Economic Reform Programme Central to Reducing Debt and Spurring Growth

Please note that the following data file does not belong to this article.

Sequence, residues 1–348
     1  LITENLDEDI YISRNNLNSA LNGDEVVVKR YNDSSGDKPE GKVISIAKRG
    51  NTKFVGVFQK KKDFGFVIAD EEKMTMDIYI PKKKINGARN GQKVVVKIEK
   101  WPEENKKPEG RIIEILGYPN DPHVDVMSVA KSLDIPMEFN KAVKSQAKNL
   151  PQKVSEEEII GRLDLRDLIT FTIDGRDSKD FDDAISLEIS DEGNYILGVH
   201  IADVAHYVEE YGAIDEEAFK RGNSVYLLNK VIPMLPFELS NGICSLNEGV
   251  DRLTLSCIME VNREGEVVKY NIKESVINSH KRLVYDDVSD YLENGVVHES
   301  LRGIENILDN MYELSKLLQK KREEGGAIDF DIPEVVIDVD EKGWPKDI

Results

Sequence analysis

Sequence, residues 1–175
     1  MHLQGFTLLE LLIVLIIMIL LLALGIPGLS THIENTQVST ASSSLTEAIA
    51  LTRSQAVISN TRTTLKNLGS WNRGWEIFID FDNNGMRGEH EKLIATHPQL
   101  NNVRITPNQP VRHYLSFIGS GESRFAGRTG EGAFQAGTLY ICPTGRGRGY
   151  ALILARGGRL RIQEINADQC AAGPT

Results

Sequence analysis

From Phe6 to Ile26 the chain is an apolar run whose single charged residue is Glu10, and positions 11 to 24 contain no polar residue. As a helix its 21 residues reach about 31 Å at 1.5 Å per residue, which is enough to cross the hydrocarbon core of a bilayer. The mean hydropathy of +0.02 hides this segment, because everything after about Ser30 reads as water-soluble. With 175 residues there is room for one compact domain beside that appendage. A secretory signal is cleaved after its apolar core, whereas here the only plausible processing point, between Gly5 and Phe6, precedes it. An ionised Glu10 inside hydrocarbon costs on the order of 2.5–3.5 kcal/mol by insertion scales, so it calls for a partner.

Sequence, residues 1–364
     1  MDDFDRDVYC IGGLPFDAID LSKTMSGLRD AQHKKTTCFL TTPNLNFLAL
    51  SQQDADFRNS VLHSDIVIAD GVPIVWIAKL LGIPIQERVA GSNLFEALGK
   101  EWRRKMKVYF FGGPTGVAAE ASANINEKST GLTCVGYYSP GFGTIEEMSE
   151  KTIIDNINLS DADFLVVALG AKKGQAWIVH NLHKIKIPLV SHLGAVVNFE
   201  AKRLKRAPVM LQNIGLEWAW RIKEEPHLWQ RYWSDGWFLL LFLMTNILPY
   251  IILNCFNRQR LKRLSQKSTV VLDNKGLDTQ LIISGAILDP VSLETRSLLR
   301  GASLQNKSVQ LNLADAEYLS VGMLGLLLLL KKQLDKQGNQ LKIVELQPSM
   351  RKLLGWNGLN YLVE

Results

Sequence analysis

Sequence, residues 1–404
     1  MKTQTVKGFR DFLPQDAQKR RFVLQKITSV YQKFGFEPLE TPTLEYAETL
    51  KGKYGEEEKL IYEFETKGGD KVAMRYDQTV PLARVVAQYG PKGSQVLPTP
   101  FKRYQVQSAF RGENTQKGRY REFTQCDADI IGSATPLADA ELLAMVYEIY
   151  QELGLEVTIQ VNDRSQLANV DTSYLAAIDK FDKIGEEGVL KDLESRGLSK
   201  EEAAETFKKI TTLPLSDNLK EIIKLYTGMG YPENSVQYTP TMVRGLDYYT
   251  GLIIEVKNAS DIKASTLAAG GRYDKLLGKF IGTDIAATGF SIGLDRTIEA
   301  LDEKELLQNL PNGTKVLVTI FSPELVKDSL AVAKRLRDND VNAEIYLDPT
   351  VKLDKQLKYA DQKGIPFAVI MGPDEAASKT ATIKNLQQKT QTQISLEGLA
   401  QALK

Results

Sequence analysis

first_imgRelatedJSIF Empowering Young People and Communities Photo: JIS PhotographerPrime Minister, the Most Hon. Portia Simpson Miller (at podium), delivering the keynote address at Thursday’s (Sept. 12), Economic Reform Programme (ERP) stakeholders conference, hosted by the Ministry of Finance and Planning at the Jamaica Conference Centre, downtown Kingston, under the theme: “Jamaica’s Economic Programme – Going for Growth, Staying the Course, Transforming the Economy”. Also pictured are: Minister with Responsibility for Information, Senator the Hon. Sandrea Falconer (left, seated); and Co-Chairmen, Economic Programme Oversight Committee (EPOC), Richard Byles (2nd right); and Bank of Jamaica (BoJ) Governor, Brian Wynter. Economic Reform Programme Central to Reducing Debt and Spurring GrowthJIS News | Presented by: PausePlay% buffered00:0000:00UnmuteMuteDisable captionsEnable captionsSettingsCaptionsDisabledQualityundefinedSpeedNormalCaptionsGo back to previous menuQualityGo back to previous menuSpeedGo back to previous menu0.5×0.75×Normal1.25×1.5×1.75×2×Exit fullscreenEnter fullscreenPlay RelatedVulnerable Groups Benefit from Social Protection Initiatives Economic Reform Programme Central to Reducing Debt and Spurring Growth Year in Review 2013January 9, 2014Written by: Douglas McIntosh The Government’s Economic Reform Programme (ERP) for Jamaica is central to the administration’s strategic priority focus on attaining fiscal prudence in its pursuit of a credible economic programme for the country.Key elements of this focus include: negotiating a new medium-term agreement with the International Monetary Fund (IMF); containing public expenditure; eliminating waste and corruption; divesting select public assets; and tax and public sector reform.In this regard, the ERP aims to, among other things: spur economic growth; contribute to reducing Jamaica’s trillion dollar public debt; maintain the country’s balance of payments schedule; and enhance its global market competitiveness.Development and implementation of the ERP, being largely driven by the Ministry of Finance and Planning, is pivotal to the government’s four-year Memorandum of Economic and Fiscal Policies (MEFP) negotiated with the IMF. The MEFP maps out, among other things, the extent of support expected to be forthcoming from the IMF over the period, spanning 2013 to 2016.Bank of Jamaica (BoJ) Governor, Brian Wynter, and Sagicor Life Jamaica Limited President and Chief Executive Officer, Richard Byles, co-chair an Economic Programme Oversight Committee (EPOC) which has been appointed by the government to assist in overseeing the ERP’s implementation.The government’s successful implementation of key prior conditions, and commitment to undertaking other measures over the period, which were agreed on with the IMF, and commenced in 2012, led to the latter’s Executive Board approving a US$958 million four-year Extended Fund Facility (EFF) for Jamaica in May.These measures are intended to: reduce Jamaica’s debt from 145 per cent of the gross domestic product (GDP), to 96 per cent; attain of a 7.5 per cent primary budgetary surplus target; and contain public expenditure, inclusive of public sector salary restructuring to reduce the ratio to GDP from 10.6 per cent, as at March 31, 2013, to nine per cent by fiscal year 2015/16.Key undertakings, which the administration commenced in 2012 and advanced significantly during 2013, include: passage of the Public Debt Management Bill; implementation of the National Debt Exchange (NDX), which saw government bond holders exchanging their old instruments for newer ones at a lower interest rate and an extended maturity date. This exercise recorded a 99 per cent stakeholder participation, which has saved the administration approximately $17 billion in interest payments; and a wage restraint agreement signed between the administration and unions representing public sector employees.The civil servants agreed to forego salary increases for April 2012 to March 2015 and, instead, receive several benefits over the period. It is expected to contribute significantly to public expenditure containment over the period.The IMF Executive Board’s approval of the EFF in May, subsequent to the government’s fulfillment of the prior actions, led to Jamaica receiving an initial US$207.2 million.Subsequent implementation of additional measures by the government during the April to June quarter led to Jamaica receiving an additional US$30.6 million, on approval by the Executive Board. This, after the IMF Staff Mission Team to Jamaica concluded in its quarterly review report that the government had fulfilled certain stipulated structural benchmarks, commitments, and obligations during the period.These include: tabling of the 2013/14 Budget in April by Finance and Planning Minister, Dr. the Hon. Peter Phillips, which met the 7.5 per cent primary surplus target; completion and roll-out of a Central Treasury Management System (CTMS), expected to yield substantial savings to the Consolidated Fund; passage of the Revenue Administration Amendment Act, which aims to enhance sector-wide statutory obligations compliance; and commencement of the public sector and pension reform and transformation process, including the start of the parliamentary debate on the Pensions (Superannuation Funds and Retirement Schemes) (Validation and Amendment) Act.Public sector pension reform, slated for implementation by April 2016, will entail civil servants contributing to their pensions.The public sector transformation process also included the Jamaica Customs being changed to an Executive Agency, thereby enabling it to effectively carry out its operations autonomously.Significant implementation of the ERP continued from July onwards. This included; passage of the Charities Act, which will regulate the operations of all local charitable organisations; passage of the Omnibus Fiscal Incentive Legislation, which  seeks to establish a transparent and coherent regime to govern all tax incentives.Its provisions also support a policy of granting waivers to the primary inputs integral to the production of goods and services.The Bills comprising the Omnibus legislation are the Fiscal Incentives (Miscellaneous Provisions) Act; and the Income Tax Relief (Large Scale Projects and Pioneer Industries) Act 2013. Customs Tariff (Revision) (Amendment) Resolution 2013; and Stamp Duty (Amendments of Schedule) Order 2013.Other key legislation passed include the Securities (Amendment) Act) to combat the establishment of unlawful financial organisations commonly known as ponzi or pyramid schemes; and the Security Interests in Personal Property Act (2013), to allow, for the first time, intangibles, including intellectual property and other forms of personal property to now become part of the collateral that can be pledged to secure financing for business.Other measures at various stages of execution include: divestment/privatization of key state entities, deemed necessary to safeguarding the country’s financial security while enhancing outputs.These include sale of Wallenford Coffee Company to AIC International Investments Limited, in a deal worth approximately $4 billion; and shortlisting three entities – DP World, PSA International, and Terminal Link Consortium – for consideration in the proposed divestment of the Kingston Container Terminal (KCT).Enterprise Teams have also been appointed to oversee privatization of the Norman Manley International Airport, Jamaica Railway Corporation, and Caymanas Track Limited.Other activities include: the Development Bank of Jamaica’s (DBJ) allocation of some $2 billion to micro, small and medium size enterprise (MSME) sector to facilitate its expansion, deemed key to enhancing economic growth. Upwards of $1 billion of this sum has already been disbursed.The DBJ also announced plans to launch the Jamaica Venture Capital Programme within the first half of the 2014/15 fiscal year, which commences on April 1, 2014. This initiative is joint undertaking with the IDB, and aims to provide readily accessible funding options to MSMEs.The government is also undertaking a number of significant projects, deemed pivotal to advancing economic growth, and which are at various stages of implementation. These include: the North/South Highway project, which will link the northern and southern sides of the island; the Logistics Hub Initiative, which seeks to position Jamaica as the fourth node in the global logistics trade chain; and the Agro-Parks project, which entails development of nine such facilities aimed at maximizing agricultural outputs and reducing the country’s food import bill, which averages nearly US$1 billion annually.Consequent on timely implementation of the ERP during the July to September quarter which recorded growth of just under one per cent, Jamaica also remains on course for a third drawdown of some US$30 million, after the administration was deemed by the Staff Mission Team to have fulfilled obligations and commitments. The Executive Board is slated to deliberate over the Team’s and announce its decision during December.Based on the gains made, the economy is projected to record growth in the region of one per cent for the October to December quarter.center_img RelatedMore Jobs for Jamaicans Overseas in 2013 FacebookTwitterWhatsAppEmail Advertisements Story HighlightsThe Government’s Economic Reform Programme is central to the administration’s strategic priority focus on attaining fiscal prudence.ERP is pivotal to the government’s four-year Memorandum of Economic and Fiscal Policies.The IMF Executive Board’s approval of the EFF in May, subsequent to the government’s fulfillment of the prior actions, led to Jamaica receiving an initial US$207.2 million. last_img read more